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Home / News archive / From Augustus to Sigismondo, discover Rimini from Roman times to the Malatesta seignory

From Augustus to Sigismondo, discover Rimini from Roman times to the Malatesta seignory

From Augustus to Sigismondo Malatesta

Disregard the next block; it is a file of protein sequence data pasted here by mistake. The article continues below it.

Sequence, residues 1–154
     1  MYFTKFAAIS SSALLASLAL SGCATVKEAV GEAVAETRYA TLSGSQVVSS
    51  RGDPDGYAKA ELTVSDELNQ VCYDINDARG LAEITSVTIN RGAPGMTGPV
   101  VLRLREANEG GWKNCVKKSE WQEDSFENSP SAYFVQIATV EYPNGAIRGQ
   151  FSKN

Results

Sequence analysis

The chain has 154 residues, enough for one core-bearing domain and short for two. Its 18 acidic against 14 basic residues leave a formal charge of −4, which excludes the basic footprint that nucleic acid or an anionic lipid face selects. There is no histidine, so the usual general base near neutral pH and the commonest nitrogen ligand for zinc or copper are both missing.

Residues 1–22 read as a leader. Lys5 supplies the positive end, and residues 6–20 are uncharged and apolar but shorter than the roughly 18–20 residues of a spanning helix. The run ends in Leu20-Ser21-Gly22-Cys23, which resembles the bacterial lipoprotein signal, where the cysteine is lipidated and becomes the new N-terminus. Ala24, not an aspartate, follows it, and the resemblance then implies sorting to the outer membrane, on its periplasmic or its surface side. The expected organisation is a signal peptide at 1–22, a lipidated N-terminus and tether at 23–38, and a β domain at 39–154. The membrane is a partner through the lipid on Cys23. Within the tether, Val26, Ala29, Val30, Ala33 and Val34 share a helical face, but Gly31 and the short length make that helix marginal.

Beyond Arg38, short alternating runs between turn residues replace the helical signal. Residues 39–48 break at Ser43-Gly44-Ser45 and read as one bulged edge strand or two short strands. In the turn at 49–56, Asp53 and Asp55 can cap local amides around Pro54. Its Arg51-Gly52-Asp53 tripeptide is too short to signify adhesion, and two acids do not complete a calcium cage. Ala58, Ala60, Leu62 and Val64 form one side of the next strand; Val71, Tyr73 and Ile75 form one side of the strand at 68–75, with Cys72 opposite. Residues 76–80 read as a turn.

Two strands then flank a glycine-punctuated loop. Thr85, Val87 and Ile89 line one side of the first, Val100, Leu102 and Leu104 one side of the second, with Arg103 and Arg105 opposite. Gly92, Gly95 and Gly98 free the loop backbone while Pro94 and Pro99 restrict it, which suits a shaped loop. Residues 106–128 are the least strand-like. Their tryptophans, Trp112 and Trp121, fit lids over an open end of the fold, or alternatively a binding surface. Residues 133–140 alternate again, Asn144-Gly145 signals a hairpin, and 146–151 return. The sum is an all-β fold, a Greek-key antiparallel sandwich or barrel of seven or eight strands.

Behind the famous seaside postcard of Rimini, there is a city with an ancient heart. Rimini, or the ancient Ariminum, is an art heritage city with over 22 centuries of history. More than two thousand years have passed since, in 268 B.C., the Roman Senate sent six thousand settlers who founded the city that was meant to be strategically central and to develop to this day. A Roman city to be discovered amongst Arco d’AugustoPonte di TiberioAmphitheatreporta Montanara and Domus del Chirurgo, starting from the Visitor center, a multimedia and interactive tour that will guide you in discovering the city, with its treasures and its beauty, and the surrounding land. History has passed under the Arco d'Augusto for many centuries: the two most important roads of ancient Italy met below it, the Flaminia that runs from Rome to Rimini and the via Emilia that runs from Rimini to Piacenza connecting the Adriatic Sea to the Po. After crossing Piazza Tre Martiri – the ancient Forum – from here is the bridge that Tiberius built in 14-21 A.D, in Istrian stone over the vast bed of the Marecchia, the river which, with its ancient name (Ariminum), named the city. Symbolic representation of this ancient legacy is the Domus del Chirurgo, the archaeological site opened in 2007 in the central piazza Ferrari, where you can see a third-century house in all its splendour. Prestigious mosaics and vivid frescoes depict a private residence destined in part to the medical and pharmaceutical profession, which yielded the Roman world’s richest surgical kit. Within the Roman city pulsates the mediaeval one in the colours of the paintings of the fourteenth century School of Rimini (in the Gothic church of Sant’Agostino, in the spectacular square with the Fountain and the most important public buildings on Piazza Cavour). The world does not speak of the Renaissance without Rimini, the Castle and the Temple wanted by Sigismondo Pandolfo Malatesta, the lord that Piero della Francesca portrayed in prayer before San Sigismondo in the fresco, signed and dated 1451 and kept in the Malatesta Temple